Luncheon in the Studio

Edouard Manet • Painting, 1868, 118×153 cm
Digital copy: 1.1 MB
3333 × 2503 px • JPEG
45.8 × 35.3 cm • 180 dpi
56.4 × 42.4 cm • 150 dpi
28.2 × 21.2 cm • 300 dpi
Digital copy is a high resolution file, downloaded by the artist or artist's representative. The price also includes the right for a single reproduction of the artwork in digital or printed form.
About the artwork
Art form: Painting
Style of art: Impressionism
Technique: Oil
Materials: Canvas
Date of creation: 1868
Size: 118×153 cm
Artwork in selections: 45 selections
Digital copy shipping and payment
A link for digital copy downloading will be available right after the payment is processed
Pay on site. We accept Visa, MasterCard, American Express.

Description of the artwork «Luncheon in the Studio»

The Luncheon in the Studio painting was presented at the Paris Salon in 1869 along with The Balcony. By that time, Manet had already firmly established the reputation of an upstart who was trying to attract public attention at any cost. And this time he did not leave critics without work. Jules-Antoine Castagnary was indignant: “In the Luncheon, for example, I see a half-peeled lemon and oysters on the table set for coffee, which are hardly compatible. Why are they there? I know why. Because Manet has a weakness for colour spots, because he copes excellently with painting still lifes and is inclined to paint them wherever possible. Just as Manet unites still life objects solely for the sake of visual pleasure, he also haphazardly arranges his figures...” Another critic honestly tried to satisfy his professional inclination towards genre identification and fit both paintings into the painting tradition. Surely, he had a system failure and no choice but to make a witty joke: “Manet created a portrait of a balcony and a portrait of luncheon.”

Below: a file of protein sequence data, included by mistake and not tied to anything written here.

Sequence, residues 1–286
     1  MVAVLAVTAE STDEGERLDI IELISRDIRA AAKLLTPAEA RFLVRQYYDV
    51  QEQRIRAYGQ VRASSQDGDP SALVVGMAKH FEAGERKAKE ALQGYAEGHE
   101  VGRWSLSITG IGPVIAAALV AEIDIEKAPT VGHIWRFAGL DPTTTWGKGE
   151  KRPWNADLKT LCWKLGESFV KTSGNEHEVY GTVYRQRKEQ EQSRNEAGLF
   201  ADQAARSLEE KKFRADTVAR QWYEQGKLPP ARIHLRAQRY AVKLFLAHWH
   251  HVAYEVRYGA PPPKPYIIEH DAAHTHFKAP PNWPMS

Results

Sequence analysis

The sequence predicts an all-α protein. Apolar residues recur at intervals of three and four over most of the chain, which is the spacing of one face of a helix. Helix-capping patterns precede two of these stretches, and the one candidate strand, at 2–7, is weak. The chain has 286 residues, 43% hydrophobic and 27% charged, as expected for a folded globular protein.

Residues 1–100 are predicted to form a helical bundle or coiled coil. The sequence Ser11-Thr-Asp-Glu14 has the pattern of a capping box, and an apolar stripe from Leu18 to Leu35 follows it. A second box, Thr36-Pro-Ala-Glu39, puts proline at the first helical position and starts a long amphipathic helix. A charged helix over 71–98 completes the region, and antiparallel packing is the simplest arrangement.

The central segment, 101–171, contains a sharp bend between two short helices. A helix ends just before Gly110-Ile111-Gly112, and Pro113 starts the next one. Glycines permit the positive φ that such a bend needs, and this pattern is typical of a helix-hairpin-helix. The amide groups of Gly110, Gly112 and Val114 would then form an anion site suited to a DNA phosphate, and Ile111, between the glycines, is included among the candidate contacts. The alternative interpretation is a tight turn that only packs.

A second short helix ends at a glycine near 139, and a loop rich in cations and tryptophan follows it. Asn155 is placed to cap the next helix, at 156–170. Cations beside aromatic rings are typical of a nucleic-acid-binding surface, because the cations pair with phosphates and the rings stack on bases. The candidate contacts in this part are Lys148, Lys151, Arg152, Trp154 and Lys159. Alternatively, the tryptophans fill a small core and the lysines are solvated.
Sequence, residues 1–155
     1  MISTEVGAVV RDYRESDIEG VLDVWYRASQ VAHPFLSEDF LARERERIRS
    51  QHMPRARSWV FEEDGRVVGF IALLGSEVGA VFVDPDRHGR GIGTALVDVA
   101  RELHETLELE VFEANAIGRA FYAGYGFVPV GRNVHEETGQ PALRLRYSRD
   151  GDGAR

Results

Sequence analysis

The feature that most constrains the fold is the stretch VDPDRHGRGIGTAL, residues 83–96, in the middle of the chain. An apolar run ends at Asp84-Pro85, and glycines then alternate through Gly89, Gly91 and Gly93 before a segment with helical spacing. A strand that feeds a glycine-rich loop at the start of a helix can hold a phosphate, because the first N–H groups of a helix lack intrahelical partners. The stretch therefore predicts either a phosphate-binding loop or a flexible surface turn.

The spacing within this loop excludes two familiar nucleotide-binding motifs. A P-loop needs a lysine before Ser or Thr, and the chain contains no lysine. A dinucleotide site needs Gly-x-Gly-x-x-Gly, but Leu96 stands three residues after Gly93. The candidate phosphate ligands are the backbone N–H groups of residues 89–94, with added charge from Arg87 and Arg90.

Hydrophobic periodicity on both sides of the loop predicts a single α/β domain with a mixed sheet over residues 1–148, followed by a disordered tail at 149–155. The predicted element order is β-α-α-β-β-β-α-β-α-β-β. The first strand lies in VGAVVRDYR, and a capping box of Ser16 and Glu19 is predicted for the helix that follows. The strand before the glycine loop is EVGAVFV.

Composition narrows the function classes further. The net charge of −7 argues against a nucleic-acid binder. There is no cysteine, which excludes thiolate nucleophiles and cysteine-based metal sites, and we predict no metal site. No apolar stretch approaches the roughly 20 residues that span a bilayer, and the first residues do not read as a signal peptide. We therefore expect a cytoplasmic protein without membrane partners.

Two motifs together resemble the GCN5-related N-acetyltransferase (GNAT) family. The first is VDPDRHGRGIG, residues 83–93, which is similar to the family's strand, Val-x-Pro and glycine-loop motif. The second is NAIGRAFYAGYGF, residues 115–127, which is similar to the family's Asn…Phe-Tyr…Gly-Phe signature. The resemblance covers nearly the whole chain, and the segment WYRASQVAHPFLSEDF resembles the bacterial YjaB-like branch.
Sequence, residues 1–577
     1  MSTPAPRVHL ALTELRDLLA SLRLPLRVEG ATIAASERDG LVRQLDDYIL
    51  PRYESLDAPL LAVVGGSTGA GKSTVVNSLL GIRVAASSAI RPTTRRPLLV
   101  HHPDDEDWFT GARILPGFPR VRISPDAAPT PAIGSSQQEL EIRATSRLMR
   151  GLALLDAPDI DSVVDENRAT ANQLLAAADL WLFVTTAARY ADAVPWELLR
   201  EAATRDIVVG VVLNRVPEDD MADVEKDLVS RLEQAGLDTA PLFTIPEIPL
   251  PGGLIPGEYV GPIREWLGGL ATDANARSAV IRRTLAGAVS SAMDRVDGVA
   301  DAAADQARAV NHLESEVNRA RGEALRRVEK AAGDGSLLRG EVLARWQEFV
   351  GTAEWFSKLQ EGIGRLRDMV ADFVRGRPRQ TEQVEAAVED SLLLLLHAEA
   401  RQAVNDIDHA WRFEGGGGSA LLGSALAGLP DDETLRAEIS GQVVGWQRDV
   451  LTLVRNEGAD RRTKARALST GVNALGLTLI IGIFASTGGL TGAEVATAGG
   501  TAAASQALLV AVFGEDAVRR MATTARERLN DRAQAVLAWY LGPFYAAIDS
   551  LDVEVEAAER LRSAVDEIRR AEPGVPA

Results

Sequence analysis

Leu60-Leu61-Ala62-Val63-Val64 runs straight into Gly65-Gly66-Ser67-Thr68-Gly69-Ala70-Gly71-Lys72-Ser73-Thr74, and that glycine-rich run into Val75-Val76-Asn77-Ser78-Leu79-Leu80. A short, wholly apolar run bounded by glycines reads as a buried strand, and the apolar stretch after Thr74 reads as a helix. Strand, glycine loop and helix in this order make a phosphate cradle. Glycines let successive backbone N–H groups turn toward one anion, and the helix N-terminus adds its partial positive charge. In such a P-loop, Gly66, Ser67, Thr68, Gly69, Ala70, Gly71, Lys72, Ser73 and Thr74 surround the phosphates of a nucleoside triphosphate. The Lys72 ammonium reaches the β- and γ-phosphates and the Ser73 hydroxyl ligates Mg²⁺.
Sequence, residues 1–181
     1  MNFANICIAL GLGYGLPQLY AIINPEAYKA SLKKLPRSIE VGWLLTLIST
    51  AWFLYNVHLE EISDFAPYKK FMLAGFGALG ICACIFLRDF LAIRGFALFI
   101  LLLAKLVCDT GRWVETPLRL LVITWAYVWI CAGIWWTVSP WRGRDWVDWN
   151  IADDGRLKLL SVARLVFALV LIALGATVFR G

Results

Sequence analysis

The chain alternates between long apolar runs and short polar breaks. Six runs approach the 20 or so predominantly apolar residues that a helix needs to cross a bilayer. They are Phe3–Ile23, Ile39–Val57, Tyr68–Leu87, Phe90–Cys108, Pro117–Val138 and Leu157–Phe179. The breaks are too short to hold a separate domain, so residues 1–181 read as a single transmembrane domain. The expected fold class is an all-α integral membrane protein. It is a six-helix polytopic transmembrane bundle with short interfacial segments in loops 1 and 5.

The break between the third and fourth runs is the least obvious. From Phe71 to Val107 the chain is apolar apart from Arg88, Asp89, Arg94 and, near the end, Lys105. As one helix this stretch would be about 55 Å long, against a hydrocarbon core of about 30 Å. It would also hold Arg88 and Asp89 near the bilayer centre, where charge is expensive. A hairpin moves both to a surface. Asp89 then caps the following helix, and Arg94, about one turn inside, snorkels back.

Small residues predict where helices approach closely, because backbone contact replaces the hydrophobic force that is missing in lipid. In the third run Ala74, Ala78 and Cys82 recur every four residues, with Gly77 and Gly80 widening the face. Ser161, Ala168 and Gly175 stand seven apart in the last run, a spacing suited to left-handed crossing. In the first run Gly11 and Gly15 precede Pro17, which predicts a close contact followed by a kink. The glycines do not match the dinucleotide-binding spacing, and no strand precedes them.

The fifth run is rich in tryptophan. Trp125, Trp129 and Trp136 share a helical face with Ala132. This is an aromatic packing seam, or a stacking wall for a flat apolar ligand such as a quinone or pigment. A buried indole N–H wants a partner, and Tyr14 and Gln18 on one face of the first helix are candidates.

Manet was the first to paint in this manner. A still life is just a lemon and a vase, a portrait is a person looking directly at the viewer, a genre scene is people who do something comprehensible together and give the viewer the opportunity to determine what is happening there at all. Manet does not give anything comprehensible, except that the yellow colour of the lemon peel masterly supports the yellow colour of the straw hat of the central figure.

The painting was painted in Boulogne-sur-Mer, on the banks of the English Channel, where Manet rented a house for a family summer vacation. And for the main subject of the Luncheon, Léon Leenhoff posed for him, a boy who was Manet’s either son or brother, and who has kept art critics awake for over a hundred years. They say that Manet was not as simple as it seemed. It was assumed that the two figures in the background are Manet himself and his wife Suzanne, and this family scene allegedly reveals the secret of Léon’s birth. Then it was discovered that the woman was actually a servant, and the smoking man, whose figure was defiantly cropped à la Japanese engraving, was a friend of the artist.

Concerning this painting, art critic Ilya Doronchenkov speaks of Manet as a “brilliant optical apparatus” and rejects all attempts to see the secret signs of family mysteries in it: “In the Luncheon in the Studio painting, there is a combination of red wine, coffee, oysters and lemon, absolutely unimaginable for a Frenchman of his social level. The simplest answer is that Manet is primarily a painter. He is primarily interested in the combination of colours and textures, and the logical connection of objects and people is the last thing.”

Henri Matisse only once saw the Luncheon in the Studio painting, in the Galerie Bernheim-Jeune, and wrote about it 35 years later. And Matisse was also primarily interested in colours.

Written by Anna Sidelnikova